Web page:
The Top 5 Networking Security Lessons from Mission: Impossible – Rogue Nation

Watching a movie generally requires suspension of disbelief, especially with an escapist movie like Mission: Impossible – Rogue Nation, Tom Cruise’s latest summer blockbuster.

As I watched the film (it’s excellent, by the way), I couldn’t help but think of the networking-related takeaways we could learn from the movie. (Note: Spoilers ahead; if you haven’t watched the movie, I tried to include scenes covered in the trailers).

#5: Always be on the lookout for wireless security risk

In the movie’s opening sequence, Ethan Hunt has to enter a cargo plane that is about to take off. Benji Dunn, played by Simon Pegg, is able to hack into the plane’s flight control system using satellite relays, successfully opening a door mid-flight. Today’s network is ubiquitous, and smart companies need to think about network segmentation for greater security. A recent, well-publicized supermarket hack was caused by criminals gaining access to data through wireless access points. This sequence would have been a lot shorter if Benji couldn’t get past Avaya Identity Engines to open the correct door on the plane.

#4: The Internet of Things is here

Technology has come a long way since the self-destructing tape recorder, popular in the original Mission: Impossible TV series. Rogue Nation featured a number of IoT devices, including communicator glasses, access control for automobiles and water pressure control systems. As these systems come online, they create unique requirements for the network in terms of connectivity and availability. Read my article on IoT and the future of retail, presented recently at San Francisco Design Week.

#3: With connected devices, authentication is key

In Rogue Nation, the “red box” is a software object that both sides are trying to acquire and access. Without giving away too much plot, the assumption of security based on obscurity and physical access wasn’t enough. Ideally, what should happen is that security administrators at companies (or shadowy, pseudo-governmental organizations from the movies) are able to deny access to the networking edge when an unauthenticated device is connected to it. Admittedly boring for a movie plot, but a lifesaver for real-life security. Learn more by downloading the white paper here.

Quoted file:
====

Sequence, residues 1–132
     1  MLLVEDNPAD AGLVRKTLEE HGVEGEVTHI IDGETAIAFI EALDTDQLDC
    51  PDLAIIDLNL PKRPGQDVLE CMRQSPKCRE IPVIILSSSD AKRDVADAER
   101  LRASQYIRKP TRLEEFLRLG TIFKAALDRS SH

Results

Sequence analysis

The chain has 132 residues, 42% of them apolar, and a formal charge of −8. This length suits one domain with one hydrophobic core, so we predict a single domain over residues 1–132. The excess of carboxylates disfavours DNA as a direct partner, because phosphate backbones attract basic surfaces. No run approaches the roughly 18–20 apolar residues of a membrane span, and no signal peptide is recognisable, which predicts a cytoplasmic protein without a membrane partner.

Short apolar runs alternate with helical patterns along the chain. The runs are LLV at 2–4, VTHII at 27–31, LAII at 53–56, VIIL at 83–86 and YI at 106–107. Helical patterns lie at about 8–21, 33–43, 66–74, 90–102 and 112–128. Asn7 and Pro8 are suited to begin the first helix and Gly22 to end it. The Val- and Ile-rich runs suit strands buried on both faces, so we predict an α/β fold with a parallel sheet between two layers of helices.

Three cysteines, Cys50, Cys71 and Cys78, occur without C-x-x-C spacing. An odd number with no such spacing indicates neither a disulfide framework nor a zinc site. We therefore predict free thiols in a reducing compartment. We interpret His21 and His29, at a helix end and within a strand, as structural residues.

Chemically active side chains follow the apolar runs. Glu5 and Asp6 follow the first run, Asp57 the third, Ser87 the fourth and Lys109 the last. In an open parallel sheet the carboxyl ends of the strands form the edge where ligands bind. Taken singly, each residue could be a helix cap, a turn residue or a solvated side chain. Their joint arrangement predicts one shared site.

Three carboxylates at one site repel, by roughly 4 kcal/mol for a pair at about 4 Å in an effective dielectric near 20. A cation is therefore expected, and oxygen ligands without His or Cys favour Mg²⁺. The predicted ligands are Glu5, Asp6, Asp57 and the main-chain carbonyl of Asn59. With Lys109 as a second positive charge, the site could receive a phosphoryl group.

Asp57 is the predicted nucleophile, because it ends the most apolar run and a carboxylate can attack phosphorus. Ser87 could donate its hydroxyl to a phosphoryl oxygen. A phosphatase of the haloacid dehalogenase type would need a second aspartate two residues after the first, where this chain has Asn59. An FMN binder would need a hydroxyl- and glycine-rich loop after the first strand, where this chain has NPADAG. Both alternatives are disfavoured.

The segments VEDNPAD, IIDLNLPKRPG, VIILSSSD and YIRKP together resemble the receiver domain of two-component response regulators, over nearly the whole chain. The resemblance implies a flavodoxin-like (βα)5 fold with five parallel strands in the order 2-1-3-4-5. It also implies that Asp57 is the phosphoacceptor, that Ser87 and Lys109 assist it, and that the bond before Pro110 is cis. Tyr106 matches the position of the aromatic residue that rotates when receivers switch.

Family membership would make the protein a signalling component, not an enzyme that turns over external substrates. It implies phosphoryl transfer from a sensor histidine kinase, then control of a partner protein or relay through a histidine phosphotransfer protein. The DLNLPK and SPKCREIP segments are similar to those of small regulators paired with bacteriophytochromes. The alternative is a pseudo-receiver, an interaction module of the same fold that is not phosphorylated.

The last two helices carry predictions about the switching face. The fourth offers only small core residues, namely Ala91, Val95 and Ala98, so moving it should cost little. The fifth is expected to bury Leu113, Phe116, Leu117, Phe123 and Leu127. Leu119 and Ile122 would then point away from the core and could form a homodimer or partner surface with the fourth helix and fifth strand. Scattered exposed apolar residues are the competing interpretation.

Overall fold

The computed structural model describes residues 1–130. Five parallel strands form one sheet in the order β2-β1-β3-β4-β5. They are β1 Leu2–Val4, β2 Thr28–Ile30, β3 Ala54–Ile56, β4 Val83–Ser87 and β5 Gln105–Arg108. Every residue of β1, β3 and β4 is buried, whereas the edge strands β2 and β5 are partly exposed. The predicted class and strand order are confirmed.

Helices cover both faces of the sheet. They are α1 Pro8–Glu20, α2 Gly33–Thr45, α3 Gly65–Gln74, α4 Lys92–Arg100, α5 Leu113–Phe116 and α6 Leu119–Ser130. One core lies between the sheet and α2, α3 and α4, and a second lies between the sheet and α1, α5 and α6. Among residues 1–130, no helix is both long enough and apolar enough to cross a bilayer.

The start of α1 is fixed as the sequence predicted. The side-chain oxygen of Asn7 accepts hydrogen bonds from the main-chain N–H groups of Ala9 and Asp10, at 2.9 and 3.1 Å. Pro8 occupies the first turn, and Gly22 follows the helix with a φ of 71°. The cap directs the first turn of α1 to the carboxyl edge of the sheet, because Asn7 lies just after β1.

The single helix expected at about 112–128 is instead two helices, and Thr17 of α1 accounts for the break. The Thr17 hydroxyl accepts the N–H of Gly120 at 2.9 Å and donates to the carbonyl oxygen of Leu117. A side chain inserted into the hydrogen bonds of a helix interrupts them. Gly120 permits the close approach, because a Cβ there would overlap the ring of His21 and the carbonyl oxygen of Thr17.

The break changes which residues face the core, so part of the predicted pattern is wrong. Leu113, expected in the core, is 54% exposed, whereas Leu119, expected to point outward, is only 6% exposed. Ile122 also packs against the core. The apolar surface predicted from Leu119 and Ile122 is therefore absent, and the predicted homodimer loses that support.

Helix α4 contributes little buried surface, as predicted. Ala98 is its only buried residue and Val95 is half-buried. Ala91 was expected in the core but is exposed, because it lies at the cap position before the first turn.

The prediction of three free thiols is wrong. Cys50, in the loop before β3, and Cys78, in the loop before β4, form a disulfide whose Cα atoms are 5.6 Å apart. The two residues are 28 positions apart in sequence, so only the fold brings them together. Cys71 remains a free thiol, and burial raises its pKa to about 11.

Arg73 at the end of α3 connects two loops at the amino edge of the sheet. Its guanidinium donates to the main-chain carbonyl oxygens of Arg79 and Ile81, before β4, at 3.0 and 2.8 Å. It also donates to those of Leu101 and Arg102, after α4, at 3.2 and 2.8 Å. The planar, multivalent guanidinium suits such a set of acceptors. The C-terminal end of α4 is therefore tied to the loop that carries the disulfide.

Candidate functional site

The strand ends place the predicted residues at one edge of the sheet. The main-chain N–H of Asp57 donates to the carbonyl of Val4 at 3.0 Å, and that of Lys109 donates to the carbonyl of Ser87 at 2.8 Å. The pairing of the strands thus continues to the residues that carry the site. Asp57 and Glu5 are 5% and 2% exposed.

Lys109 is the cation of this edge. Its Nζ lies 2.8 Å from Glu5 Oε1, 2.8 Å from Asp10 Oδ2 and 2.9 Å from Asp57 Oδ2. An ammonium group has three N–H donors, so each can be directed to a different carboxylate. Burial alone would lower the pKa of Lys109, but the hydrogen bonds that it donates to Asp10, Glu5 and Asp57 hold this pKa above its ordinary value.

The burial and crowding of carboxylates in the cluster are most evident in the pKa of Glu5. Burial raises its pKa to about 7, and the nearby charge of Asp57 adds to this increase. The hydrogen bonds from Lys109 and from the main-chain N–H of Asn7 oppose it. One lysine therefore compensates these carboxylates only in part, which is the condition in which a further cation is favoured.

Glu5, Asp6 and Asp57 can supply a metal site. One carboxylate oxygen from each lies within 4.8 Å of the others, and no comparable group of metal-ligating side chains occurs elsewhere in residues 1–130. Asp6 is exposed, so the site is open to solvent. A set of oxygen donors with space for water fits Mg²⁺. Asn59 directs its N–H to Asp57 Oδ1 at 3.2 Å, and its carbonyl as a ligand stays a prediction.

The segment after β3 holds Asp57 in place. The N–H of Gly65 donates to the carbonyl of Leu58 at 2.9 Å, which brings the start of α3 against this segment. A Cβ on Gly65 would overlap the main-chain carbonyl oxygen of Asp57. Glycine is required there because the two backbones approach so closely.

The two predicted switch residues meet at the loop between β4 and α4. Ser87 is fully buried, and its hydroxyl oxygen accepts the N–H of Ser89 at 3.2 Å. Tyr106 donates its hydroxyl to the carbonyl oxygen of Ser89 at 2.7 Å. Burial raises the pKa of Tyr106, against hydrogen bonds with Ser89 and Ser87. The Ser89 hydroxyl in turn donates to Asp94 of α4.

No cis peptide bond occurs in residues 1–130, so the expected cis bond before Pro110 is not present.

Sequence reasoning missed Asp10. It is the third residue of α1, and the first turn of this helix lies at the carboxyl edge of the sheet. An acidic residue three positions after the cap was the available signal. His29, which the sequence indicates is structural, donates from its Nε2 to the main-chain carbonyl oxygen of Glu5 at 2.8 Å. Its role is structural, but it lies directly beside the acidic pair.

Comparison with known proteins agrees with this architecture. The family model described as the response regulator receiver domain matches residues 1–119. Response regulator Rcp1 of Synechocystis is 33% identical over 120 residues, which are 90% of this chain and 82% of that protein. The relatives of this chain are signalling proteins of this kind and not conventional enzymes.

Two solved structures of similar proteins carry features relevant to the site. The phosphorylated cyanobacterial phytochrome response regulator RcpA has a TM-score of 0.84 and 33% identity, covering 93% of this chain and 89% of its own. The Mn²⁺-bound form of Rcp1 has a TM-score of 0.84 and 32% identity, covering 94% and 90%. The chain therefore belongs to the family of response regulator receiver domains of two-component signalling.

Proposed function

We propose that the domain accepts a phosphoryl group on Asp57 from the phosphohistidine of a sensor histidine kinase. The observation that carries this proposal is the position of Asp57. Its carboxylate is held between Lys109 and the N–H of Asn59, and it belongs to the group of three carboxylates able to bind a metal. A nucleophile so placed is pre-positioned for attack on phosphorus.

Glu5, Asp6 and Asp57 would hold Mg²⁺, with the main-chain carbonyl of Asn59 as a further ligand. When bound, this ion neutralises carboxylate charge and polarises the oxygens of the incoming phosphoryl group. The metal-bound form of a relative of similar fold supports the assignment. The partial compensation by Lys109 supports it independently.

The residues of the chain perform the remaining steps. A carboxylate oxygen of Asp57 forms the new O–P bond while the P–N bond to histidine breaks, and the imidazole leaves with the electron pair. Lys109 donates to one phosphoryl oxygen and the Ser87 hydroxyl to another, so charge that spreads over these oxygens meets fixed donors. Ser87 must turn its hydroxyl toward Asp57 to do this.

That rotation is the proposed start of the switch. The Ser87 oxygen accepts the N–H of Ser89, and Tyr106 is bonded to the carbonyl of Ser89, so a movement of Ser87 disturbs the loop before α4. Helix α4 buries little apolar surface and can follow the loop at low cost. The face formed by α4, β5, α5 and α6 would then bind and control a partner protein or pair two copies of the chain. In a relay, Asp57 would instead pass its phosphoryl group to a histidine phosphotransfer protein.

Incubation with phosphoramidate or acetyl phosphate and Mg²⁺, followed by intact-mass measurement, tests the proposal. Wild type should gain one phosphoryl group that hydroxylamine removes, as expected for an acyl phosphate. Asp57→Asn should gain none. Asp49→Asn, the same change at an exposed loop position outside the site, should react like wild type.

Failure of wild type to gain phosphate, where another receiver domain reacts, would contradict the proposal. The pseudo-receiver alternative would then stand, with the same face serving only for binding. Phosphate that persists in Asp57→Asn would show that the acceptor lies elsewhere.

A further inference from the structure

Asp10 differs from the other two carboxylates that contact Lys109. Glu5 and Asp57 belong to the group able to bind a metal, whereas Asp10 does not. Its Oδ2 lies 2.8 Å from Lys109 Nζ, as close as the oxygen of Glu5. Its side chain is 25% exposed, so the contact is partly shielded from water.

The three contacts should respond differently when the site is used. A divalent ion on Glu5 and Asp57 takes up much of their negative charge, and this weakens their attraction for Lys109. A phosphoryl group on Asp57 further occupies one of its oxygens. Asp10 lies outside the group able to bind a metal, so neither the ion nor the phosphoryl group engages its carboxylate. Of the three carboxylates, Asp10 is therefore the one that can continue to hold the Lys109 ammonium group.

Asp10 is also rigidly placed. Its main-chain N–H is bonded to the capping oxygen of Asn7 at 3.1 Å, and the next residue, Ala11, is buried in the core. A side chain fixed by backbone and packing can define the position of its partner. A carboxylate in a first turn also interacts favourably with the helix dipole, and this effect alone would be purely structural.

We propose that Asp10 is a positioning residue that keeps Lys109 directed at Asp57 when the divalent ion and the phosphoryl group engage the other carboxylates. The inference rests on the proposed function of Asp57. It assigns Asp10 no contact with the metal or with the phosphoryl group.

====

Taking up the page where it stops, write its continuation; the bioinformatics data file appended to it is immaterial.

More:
#2: “The Syndicate” is not that far-fetched

The movie revolves around “The Syndicate,” which is effectively the anti-Impossible Missions Force, the team that Ethan and Benji work on. In real life, organized crime syndicates are targeting vulnerable systems every day to access sensitive information. Addressing attempted breaches to governments and companies in the private sector is an ongoing effort that involves users and administrators alike. Read our recent blog on why BYOD users should take security more seriously.

#1: Be fast, smart and flexible to accomplish your mission

Without spoiling the ending too much, the finale of Rogue Nation is not your typical “hero fights villain and wins.” The ending here is more along the lines of the classic Mission: Impossible TV series, where the IMF works together to outsmart the villain, who figures out in the end that he lost to the entire team. In the world of technology, being able to operate your network at the speed of your business is critical. Download the Avaya white paper on networking at business speed, to learn how we can help your mission, impossible or not.

Related Articles:

How to Fail a Hacking Challenge

32 million Twitter passwords stolen, 117 million LinkedIn accounts compromised, and even Marc Zuckerberg’s Pinterest account hacked—there seems to be no let-up in IT security breach news those days.

It’s no surprise then that network security remains a key concern of CIOs the world over. According to research from the IT publication Computer Weekly, data loss prevention is the security project that tops IT decision makers’ priority lists. It’s certainly something our customers are always asking us about. This is why I’m so excited by the results of our recent SDN-Fx hacking challenge.

Over the past few months, at our highly-successful Avaya Technology Forum events in Bangkok, Dubai, Dublin and Orlando, we’ve held hacking challenges. Similar to hackathons, we invited engineers to try to penetrate our Avaya SDN-Fx stealth network. We even offered valuable prizes to encourage their endeavors. But the prize remains unclaimed—and the network unhacked.

Just last month, in fact, in Dublin, more than 50 engineers took part in the challenge. In total, over the four events more than 125 engineers have unsuccessfully tried to penetrate and cross between virtual service networks at these hackathons. While they might be disappointed, I’m delighted by this news! To me this result is a clear demonstration of the strength of the SDN-Fx stealth approach, and in particular of Avaya’s Fabric architecture.